2. I also need to read Ghost Light. I saw it in the store and always meant to pick it up and never did. It sounds so intriguing! Graveminder also sticks out as something that I do need to read, too!

    Have a safe and Happy New Year!

  3. the only one I've read is The Housekeeper and the Professor, and oh my that book is beautiful!

  4. I've read Graveminder and thought it was pretty good. Right now, I'm trying to finish off "We Others" - it's a book of short stories.

  5. I like the look of The Housekeeper and the Professor. The others look good too, look forward to reading your thoughts on them. I have more books burning a hole in my shelf than I have time to read!

    Happy New Year to you and your family :)

  6. I've been considering making a separate shelf for books that I want to read RIGHT NOW. But I can see me ignoring it....

  7. I just loved The Housekeeper and the Professor, and hope that you do too. It was a very touching book. I am also set to read Graveminder in the next couple of months, and am excited about that one!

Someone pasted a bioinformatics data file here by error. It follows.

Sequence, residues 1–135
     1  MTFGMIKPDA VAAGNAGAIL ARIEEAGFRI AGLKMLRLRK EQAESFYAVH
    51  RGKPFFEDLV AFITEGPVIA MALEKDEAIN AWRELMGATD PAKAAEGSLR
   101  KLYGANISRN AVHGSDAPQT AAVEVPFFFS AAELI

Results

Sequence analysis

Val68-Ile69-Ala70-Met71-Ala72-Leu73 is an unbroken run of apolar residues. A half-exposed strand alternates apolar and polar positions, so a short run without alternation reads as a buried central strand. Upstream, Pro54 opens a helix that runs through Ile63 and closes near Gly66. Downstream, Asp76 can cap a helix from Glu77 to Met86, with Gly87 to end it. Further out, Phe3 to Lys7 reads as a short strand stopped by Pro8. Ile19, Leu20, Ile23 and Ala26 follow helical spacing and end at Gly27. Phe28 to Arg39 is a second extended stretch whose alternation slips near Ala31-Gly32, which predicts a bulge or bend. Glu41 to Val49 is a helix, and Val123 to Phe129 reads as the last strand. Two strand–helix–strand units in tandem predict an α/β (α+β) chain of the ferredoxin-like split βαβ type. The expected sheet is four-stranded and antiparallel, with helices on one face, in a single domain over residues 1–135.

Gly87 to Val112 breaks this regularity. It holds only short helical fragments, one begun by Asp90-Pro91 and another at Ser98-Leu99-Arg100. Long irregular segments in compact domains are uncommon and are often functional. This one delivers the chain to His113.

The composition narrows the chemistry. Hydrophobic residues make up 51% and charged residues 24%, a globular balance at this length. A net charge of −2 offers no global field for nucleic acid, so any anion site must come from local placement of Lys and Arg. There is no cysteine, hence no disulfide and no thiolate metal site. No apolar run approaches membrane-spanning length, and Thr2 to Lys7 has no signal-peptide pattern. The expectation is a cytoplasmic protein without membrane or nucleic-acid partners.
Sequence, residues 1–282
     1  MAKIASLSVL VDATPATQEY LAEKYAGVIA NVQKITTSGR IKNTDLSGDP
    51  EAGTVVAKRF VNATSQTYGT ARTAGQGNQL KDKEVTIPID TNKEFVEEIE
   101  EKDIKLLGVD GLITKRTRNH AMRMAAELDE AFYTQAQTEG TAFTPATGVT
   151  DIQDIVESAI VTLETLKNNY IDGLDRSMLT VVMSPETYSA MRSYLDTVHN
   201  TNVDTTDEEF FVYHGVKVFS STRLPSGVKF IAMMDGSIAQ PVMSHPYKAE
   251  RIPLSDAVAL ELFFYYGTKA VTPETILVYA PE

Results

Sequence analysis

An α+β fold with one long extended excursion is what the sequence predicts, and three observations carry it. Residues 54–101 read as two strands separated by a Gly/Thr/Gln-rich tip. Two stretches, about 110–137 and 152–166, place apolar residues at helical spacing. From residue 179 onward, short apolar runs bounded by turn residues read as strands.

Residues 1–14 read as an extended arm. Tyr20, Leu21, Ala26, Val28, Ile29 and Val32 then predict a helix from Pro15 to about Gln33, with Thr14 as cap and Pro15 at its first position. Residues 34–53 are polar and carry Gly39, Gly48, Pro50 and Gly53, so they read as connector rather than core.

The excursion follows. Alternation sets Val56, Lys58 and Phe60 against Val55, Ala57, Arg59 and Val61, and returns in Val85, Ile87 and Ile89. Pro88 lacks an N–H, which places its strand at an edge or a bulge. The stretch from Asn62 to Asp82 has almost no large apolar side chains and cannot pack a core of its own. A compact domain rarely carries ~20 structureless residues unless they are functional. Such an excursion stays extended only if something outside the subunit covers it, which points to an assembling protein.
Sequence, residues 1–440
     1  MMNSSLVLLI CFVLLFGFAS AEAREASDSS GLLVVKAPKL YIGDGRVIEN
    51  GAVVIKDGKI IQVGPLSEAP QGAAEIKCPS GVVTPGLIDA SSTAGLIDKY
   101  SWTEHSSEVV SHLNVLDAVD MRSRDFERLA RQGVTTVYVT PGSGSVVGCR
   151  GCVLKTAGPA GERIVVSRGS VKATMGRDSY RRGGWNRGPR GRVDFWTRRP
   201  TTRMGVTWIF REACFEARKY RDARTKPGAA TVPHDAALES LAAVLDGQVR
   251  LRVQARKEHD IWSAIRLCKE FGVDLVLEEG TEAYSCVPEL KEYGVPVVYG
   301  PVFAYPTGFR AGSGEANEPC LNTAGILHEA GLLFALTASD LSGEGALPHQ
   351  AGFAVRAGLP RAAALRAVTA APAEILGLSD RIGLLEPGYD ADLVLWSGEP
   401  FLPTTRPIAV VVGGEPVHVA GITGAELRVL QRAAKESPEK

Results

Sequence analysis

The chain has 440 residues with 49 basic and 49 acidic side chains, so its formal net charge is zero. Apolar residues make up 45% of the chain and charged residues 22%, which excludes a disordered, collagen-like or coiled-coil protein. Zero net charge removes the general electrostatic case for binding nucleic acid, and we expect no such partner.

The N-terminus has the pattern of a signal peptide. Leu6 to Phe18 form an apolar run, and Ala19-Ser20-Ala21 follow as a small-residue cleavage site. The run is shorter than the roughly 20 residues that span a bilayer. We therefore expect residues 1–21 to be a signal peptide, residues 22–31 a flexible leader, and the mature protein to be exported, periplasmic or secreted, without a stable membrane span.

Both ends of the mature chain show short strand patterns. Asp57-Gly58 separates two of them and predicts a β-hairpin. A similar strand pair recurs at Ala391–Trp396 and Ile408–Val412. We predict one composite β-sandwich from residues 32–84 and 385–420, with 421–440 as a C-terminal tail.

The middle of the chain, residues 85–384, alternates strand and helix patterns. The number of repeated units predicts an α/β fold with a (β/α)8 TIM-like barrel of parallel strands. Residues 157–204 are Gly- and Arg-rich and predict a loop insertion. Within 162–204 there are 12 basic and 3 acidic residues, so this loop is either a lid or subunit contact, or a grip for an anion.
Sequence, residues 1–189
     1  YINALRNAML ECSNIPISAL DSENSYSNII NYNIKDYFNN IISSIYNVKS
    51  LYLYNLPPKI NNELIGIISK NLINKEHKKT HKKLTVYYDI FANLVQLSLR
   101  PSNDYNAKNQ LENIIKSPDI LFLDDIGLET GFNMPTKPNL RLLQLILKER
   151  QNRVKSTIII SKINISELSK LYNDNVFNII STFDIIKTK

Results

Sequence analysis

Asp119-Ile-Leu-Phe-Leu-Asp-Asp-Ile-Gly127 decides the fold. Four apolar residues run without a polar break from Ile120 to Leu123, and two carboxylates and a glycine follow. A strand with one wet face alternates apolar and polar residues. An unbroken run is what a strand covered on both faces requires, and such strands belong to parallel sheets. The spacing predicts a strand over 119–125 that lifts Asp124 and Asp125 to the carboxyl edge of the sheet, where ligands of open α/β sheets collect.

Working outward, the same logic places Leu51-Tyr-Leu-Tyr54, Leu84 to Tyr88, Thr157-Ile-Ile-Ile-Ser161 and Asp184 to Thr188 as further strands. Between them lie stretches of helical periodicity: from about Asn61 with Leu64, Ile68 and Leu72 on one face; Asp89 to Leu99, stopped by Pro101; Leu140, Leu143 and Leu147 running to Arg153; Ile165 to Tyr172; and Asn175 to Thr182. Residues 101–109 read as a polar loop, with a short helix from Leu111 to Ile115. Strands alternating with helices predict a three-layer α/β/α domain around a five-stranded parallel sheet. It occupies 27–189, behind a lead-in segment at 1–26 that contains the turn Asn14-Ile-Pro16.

I am planning on getting into my boxes today and picking out a big stack for upcoming reads for the new year, and I have to say that I am rather excited about the prospect of digging through the piles!

    Have a great New Year, Andi!

  8. I haven't read any of those books. I have so many books burning a hole in my pocket, it would take me forever to list them all.

  9. I've had my eye on The Housekeeper and the Professor so I'll look forward to your thoughts on that one. Hope you enjoy Tides of War and The Marriage Artist!! Both worthy books :)

  10. The Housekeeper and the Professor is a book that I'm hoping to get to next year. I hope your migraine stays away. Happy New Year.

  11. The only one I've read is The Housekeeper and I really liked it.

  12. All of those books look good. Enjoy!

  13. Amanda, it looks fantastic. The blurb was enough to sell me. I love the plans too! So much fun.

    Natalie, they both looked good and I didn't waste any time snapping them up. Maybe Ghost Light (or Graveminder) will be my 2nd book for 2012.

    Amanda, the writing is gorgeous!!!! I'm dog-earing a lot of pages for great passages.